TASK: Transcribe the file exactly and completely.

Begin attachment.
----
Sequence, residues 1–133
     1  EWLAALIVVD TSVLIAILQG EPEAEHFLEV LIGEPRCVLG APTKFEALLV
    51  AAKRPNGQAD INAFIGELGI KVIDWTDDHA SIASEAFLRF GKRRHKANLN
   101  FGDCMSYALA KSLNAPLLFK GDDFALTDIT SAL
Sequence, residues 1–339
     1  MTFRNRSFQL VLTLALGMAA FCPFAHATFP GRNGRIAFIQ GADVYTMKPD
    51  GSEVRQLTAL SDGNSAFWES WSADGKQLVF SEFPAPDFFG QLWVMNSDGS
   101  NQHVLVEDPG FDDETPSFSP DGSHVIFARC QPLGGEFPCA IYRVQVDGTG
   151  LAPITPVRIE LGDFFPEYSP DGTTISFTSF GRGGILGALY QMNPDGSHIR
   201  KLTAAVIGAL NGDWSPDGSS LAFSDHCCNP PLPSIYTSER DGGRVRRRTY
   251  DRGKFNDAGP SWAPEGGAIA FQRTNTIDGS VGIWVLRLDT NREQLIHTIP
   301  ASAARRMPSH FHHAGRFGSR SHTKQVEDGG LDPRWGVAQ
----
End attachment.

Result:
Sequence, residues 1–133
     1  EWLAALIVVD TSVLIAILQG EPEAEHFLEV LIGEPRCVLG APTKFEALLV
    51  AAKRPNGQAD INAFIGELGI KVIDWTDDHA SIASEAFLRF GKRRHKANLN
   101  FGDCMSYALA KSLNAPLLFK GDDFALTDIT SAL
Sequence, residues 1–339
     1  MTFRNRSFQL VLTLALGMAA FCPFAHATFP GRNGRIAFIQ GADVYTMKPD
    51  GSEVRQLTAL SDGNSAFWES WSADGKQLVF SEFPAPDFFG QLWVMNSDGS
   101  NQHVLVEDPG FDDETPSFSP DGSHVIFARC QPLGGEFPCA IYRVQVDGTG
   151  LAPITPVRIE LGDFFPEYSP DGTTISFTSF GRGGILGALY QMNPDGSHIR
   201  KLTAAVIGAL NGDWSPDGSS LAFSDHCCNP PLPSIYTSER DGGRVRRRTY
   251  DRGKFNDAGP SWAPEGGAIA FQRTNTIDGS VGIWVLRLDT NREQLIHTIP
   301  ASAARRMPSH FHHAGRFGSR SHTKQVEDGG LDPRWGVAQ